There were a number of interesting releases in the document management space that are definitely worth a look. Among them are the new Service Pack 2 beta releases for Office and SharePoint 2010, WatchDox apps for mobile-desktop collaboration and sharing, and Docstocs new link-up to the Microsoft store. We also revisited the paperless office through EchoSign.

Office 2010, SharePoint 2010

With all the talk of Office 2013 and SharePoint 2013, sometimes it’s forgotten that there are earlier versions of both. This week, however, both got some Microsoft loving with the release of betas for both Office 2010 Service Pack 2 (SP2) and SharePoint 2010 SP2.

For the moment, the betas are only for use in test environments. And they also come with the following warning from Stefan Goßner Senior Escalation Engineer for SharePoint.

…As with all Beta products: don't use it in production. Also be aware that an upgrade from SP2 Beta to the final SP2 might not be possible or supported. That means you need to ensure to only evaluate this Beta version in a test environment which you can reinstall after the evaluation…”

However, it seems that this means future Service Packs will be contained in the normal release cycle for Office, which Microsoft suggested during the Office 2013 launch, would be sped up.

For the moment though Office 2010 SP2 includes the usual security patches as well as a number of patches that have been made specifically available in this service pack and are designed to improve stability, performance and security fixes.

Microsoft did not describe the contents of SP2 in detail, but said it would when it shipped the final code. You can download the SP 2 releases here.

WatchDox Apps

Also this week, WatchDox has released new apps for enabling sharing and collaborating on documents between desktops and mobiles, including iOS devices and HTML5-capable browsers. Watchdox says that while many security and file-sharing vendors claim to offer native versions of Microsoft, WatchDox Apps for WatchDox Enterprise and Enterprise ES is the first set of apps to really offer this possibility.

With it users can connect disjointed workflow through annotation, editing and real-time multi-user collaboration, and all from a single app that also offers the possibility of secure file sharing across multiple platforms and devices.

Watchdox iPad app.jpg

Watchdox iPad app

Watchdox also says that the app has already been picked up by a number of large institutions, including a 100-year-old financial institution which it doesn’t name and says that the app has enabled the same institution to unroll a Bring-Your-Own-Device strategy securely.

One of the big pluses, it says, is the simplified user experience as well as a new tiered enterprise pricing that competes with freemium file-sharing solutions that are currently on the market at the moment.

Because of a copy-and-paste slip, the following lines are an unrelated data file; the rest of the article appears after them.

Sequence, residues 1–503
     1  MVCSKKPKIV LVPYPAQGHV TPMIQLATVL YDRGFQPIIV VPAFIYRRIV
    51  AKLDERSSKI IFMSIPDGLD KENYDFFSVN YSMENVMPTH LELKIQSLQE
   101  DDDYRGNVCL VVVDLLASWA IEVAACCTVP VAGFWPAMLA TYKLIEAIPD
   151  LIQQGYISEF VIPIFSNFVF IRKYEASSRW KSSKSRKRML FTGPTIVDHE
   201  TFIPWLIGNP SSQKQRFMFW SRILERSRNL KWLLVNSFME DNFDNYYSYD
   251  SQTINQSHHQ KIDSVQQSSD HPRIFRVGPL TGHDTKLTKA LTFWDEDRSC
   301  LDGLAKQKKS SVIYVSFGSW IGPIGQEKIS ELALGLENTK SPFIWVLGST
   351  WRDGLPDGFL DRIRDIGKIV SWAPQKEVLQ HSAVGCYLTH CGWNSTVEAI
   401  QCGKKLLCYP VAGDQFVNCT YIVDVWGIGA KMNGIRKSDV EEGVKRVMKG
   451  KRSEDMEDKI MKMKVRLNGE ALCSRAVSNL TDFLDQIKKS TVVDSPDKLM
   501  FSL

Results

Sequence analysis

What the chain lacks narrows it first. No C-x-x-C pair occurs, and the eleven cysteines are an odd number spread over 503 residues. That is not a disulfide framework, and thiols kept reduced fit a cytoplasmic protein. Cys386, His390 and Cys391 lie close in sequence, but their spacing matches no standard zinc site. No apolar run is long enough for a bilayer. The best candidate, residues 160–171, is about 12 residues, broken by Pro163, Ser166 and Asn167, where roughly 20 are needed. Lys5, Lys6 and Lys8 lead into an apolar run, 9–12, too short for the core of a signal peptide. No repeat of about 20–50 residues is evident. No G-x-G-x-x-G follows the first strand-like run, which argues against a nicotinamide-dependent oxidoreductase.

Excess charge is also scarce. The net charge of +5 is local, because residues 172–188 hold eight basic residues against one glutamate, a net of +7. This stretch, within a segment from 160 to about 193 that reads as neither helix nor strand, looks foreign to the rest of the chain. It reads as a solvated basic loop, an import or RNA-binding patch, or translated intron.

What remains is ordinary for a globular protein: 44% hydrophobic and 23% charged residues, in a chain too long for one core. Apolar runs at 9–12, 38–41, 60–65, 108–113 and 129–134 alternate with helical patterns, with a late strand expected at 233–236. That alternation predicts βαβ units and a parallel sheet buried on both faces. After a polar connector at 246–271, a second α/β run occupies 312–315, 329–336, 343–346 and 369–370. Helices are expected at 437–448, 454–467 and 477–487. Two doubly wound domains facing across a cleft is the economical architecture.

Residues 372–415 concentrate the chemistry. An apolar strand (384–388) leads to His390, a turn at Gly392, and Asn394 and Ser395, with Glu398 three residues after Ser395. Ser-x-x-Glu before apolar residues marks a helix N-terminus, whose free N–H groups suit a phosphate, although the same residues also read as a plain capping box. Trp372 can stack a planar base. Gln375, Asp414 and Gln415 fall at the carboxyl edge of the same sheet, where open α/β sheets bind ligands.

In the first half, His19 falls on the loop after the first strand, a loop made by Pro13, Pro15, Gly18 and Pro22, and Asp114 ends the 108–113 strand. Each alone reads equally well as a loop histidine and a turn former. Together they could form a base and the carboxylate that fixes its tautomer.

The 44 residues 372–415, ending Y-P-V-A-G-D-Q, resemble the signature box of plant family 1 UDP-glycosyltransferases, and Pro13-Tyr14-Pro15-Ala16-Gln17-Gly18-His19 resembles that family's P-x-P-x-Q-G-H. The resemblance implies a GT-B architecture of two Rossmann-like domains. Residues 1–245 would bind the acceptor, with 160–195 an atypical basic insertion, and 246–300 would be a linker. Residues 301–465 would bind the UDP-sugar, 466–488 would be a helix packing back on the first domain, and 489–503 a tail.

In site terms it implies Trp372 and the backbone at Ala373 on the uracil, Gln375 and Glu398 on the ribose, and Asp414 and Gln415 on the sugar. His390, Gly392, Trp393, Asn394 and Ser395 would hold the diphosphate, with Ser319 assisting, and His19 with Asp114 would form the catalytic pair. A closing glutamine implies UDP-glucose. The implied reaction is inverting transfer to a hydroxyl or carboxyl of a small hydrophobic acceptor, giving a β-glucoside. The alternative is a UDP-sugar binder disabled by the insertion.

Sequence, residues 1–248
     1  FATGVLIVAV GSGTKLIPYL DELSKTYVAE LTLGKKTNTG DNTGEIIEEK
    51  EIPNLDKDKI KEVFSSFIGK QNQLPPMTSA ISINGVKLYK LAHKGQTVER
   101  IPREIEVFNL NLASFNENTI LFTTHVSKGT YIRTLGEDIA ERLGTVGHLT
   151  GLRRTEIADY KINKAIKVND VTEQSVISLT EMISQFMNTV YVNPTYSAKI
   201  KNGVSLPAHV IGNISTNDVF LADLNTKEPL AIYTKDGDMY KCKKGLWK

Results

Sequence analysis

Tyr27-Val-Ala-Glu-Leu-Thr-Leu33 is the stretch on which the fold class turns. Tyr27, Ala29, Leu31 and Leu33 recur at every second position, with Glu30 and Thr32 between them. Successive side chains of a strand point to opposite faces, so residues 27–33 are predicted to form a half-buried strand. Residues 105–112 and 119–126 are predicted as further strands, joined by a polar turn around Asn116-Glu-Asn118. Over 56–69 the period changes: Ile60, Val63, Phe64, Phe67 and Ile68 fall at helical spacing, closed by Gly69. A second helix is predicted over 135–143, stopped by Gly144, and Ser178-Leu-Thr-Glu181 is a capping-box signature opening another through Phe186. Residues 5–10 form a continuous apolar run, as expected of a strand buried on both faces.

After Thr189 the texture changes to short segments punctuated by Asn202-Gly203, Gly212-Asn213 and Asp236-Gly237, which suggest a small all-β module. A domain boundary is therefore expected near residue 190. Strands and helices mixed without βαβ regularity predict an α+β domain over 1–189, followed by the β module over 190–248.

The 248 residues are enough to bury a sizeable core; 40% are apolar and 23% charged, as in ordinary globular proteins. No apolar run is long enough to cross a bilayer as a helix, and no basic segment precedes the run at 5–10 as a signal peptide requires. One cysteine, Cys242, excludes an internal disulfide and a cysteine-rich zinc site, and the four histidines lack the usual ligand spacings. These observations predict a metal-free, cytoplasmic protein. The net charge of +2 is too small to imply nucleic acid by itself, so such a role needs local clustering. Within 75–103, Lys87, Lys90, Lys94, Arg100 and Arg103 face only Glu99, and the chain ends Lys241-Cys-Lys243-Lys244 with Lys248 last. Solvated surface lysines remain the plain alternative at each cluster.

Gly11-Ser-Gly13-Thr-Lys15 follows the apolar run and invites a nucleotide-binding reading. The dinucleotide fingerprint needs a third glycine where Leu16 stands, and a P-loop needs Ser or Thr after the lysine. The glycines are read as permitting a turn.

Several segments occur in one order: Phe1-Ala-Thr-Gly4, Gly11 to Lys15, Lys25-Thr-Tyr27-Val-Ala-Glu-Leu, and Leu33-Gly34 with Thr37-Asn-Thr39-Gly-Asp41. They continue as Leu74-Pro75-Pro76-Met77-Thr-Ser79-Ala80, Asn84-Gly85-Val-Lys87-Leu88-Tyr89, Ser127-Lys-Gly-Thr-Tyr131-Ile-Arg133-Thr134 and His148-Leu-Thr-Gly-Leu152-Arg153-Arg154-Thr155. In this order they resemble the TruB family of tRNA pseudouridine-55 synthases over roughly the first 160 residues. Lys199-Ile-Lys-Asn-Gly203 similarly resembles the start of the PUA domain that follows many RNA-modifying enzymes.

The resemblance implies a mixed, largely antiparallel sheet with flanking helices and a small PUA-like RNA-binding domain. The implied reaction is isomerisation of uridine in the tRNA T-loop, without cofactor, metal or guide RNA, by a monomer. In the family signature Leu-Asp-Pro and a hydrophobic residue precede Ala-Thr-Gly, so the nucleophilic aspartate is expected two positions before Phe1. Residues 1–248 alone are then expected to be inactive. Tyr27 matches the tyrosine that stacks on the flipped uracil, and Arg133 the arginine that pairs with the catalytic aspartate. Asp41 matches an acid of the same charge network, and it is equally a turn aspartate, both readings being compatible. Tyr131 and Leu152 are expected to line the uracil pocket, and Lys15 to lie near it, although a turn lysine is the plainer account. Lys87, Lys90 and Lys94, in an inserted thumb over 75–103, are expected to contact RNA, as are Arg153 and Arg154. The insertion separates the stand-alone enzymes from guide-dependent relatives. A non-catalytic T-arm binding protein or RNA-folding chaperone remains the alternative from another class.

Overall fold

WatchDox Enterprise includes a complete mobile productivity solution with collaborative file sync and sharing capabilities while the ES version extends this to desktops to track, control or revoke files from PCs. WatchDox pricing starts at US$ 15 per seat per month.

EchoSign and the Paperless Office

Meanwhile, over the past two weeks there has been more discussion around the concept of the paperless office. We have already seen from recent research by AIIM that the idea of a paperless office is getting further and further away.

Then Adobe had its say, this time through research from EchoSign that suggests that while many companies are committed in principal to the idea of signing off contracts, for example, using electronic signatures, in reality it just not happening.

In fact, in the survey of 1051 managers in the US, the results of which appear in the Adobe paper entitled "Paper: An Endangered Species", the majority have come around to a digital way of thinking with security, productivity, human resources and ‘green’ issues as their major concern. But they are still reluctant to make the jump.

Docstoc Through Microsoft

Finally this week, Docstoc, which first saw the light of day in 2007, has just announced that it has partnered with Microsoft to enable it to sell its content directly to Microsoft Office users from inside Office applications. Access to those templates requires a subscription fee which can be paid in monthly, three month and 12 month installments.

With it, when Office users search for templates, they will now encounter a Docstoc provider that will enable them start buying what they need from inside Office.

Docstoc_Microsoft store.jpg
Docstoc Microsoft store

Docstoc has also built an Office 365 and Office 2013 application that gives users direct access to all of the documents in the company’s library.